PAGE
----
Larlham next moves on to targeting, which she describes as a great way to teach new behaviours. She adds that there are a huge number of things you can teach your dog to target, such as his nose, head, shoulder, hip paw, mouth or even one object to another, showing a video clip to illustrate this. Larlham then demonstrates how to teach back foot targeting, including a method for dogs that don’t readily want to back up. After discussing what you can use as targets, Larhlam continues by demonstrating other behaviours that can be taught using paw targeting such as lifting front and hind legs at the same time, waving and walking on your own feet. The seminar participants practice some of these, supervised by Larlham.
Larlham then looks at shoulder targeting and explains how this can be used to teach heelwork positions. She then covers how to teach your dog to target one object to another including how to teach your dog to hold an object reliably without mouthing on it.
In the next sections Larlham introduces the 101 things to do exercise. This is an exercise originally designed by Karen Pryor where you basically click for any new behaviour the dog displays. Larlham explains why she likes this exercise and then demonstrates how you might begin to teach it. The same game can also be played with an object.
Larlham then goes back to looking at default behaviours and shows us how to make moving our dog by using his collar reinforcing. She shows how to condition the dog to respond to the pressure on the lead, also discussing calm puppy restraints.
We continue by considering different types of reinforcement, and Larlham speaks about the use of secondary reinforcers, such as toys. She then shows us a video of how to get your dog to work for both food and toys, before providing a demo of how to get your dog to play. The students then try this themselves.
Larlham then considers variety in training as well as how we can build certain behaviours to be more reinforcing. She explains how it is important to train with changing variables such as pace and position as well as changing external factors such as light and weather. Larlham takes a moment to comment on the importance of training plans and keeping good notes, before moving on to explain how to condition things such as voice, touch or even certain behaviours as secondary reinforcers. We are then shown a video of Lawrence Frederick, a Frisbee champion, to demonstrate how he has achieved reliable behaviours through the use of multiple secondary reinforcers. Larlham then discusses the Premack principle and demonstrates how we can use this in training, before letting the students themselves have a go.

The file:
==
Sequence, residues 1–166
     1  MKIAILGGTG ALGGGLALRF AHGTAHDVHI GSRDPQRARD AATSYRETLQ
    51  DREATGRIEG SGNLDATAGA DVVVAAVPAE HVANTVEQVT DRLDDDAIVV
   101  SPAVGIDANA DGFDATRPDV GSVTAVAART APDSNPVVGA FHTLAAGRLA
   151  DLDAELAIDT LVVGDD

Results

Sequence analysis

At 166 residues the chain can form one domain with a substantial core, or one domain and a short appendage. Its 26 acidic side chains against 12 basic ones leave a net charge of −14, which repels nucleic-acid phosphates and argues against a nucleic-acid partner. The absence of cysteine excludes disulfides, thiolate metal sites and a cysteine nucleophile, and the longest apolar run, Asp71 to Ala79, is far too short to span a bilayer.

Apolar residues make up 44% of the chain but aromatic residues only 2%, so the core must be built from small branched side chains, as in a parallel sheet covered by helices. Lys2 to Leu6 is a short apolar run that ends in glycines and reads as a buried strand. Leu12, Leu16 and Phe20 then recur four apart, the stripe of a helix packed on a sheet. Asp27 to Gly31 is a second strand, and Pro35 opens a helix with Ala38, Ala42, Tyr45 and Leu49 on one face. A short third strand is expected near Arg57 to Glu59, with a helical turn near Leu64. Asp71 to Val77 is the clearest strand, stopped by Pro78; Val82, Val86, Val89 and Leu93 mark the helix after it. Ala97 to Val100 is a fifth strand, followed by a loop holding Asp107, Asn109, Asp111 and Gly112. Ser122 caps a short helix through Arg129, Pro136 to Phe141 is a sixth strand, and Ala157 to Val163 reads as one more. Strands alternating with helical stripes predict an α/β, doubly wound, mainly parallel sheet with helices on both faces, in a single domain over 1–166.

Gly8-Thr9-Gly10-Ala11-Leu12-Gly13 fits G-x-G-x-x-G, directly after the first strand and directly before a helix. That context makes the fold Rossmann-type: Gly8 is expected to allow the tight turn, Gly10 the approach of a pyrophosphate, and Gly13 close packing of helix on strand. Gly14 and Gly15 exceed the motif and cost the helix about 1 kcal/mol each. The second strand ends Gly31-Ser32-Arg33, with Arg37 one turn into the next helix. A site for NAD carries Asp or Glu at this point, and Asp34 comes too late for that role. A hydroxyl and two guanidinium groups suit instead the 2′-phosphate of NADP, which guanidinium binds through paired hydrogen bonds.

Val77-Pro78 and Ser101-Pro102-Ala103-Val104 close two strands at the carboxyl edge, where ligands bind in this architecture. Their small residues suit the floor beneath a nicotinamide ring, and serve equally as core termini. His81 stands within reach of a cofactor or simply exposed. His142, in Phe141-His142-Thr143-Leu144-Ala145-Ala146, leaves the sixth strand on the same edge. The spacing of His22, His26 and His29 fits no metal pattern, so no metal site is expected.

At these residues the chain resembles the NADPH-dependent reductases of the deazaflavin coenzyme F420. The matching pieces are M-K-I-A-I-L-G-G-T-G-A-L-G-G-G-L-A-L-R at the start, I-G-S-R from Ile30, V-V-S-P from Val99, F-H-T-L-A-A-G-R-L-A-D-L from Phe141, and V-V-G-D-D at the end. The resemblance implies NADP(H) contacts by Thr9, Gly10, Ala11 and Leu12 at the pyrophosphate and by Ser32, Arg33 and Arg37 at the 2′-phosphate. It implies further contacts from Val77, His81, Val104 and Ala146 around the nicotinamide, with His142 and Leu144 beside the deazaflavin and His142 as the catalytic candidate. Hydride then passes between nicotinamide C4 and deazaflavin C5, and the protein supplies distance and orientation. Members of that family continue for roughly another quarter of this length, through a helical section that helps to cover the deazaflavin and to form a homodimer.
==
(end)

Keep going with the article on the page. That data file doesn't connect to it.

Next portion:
In part four of the DVD, Larlham continues with the Premack principle, showing us how to raise criteria by getting more for your money. She comments on how we can use this for proofing behaviours as well as in competition, also looking in detail at variable reinforcement schedules and behaviour chains. Larlham moves on to demonstrate how to teach rear end exercises, beginning with getting your dog to put his front paws on a target and move his back end around it. She then shows us how to move this exercise on to teach other behaviours such as backwards weaving and side steps. The students then go on to practice these exercises.
Larlham next focuses specifically on freestyle, going over some freestyle basic, as well as explaining why it is important to her personally. She then discusses the basics of putting together a routine, going into more depth about using behaviour chains to put behaviours together in chunks. Larlham introduces us to freestyle flatwork which is basically teaching foundation skills to help you move from one behaviour to the next. She demonstrates transitions between the various heelwork positions as well as putting two cues together to create new behaviours.
In part five, the students themselves are given a chance to practise heelwork positions and transitions and are then given the task of creating a behaviour chain consisting of ten behaviours. Larlham herself then does a freestyle routine and at the end discusses which parts her dog finds more difficult and why, and what can be done to try and improve this. She then looks at more complex behaviours such as prancing and skipping, demonstrating how to teach them. Finally, she takes questions from the audience.
This DVD shows you everything from building calm foundation behaviours to teaching advanced tricks such as handstands. Particularly relevant for those wishing to do canine freestyle, Larlham provides us with some fantastic ideas to spice up training.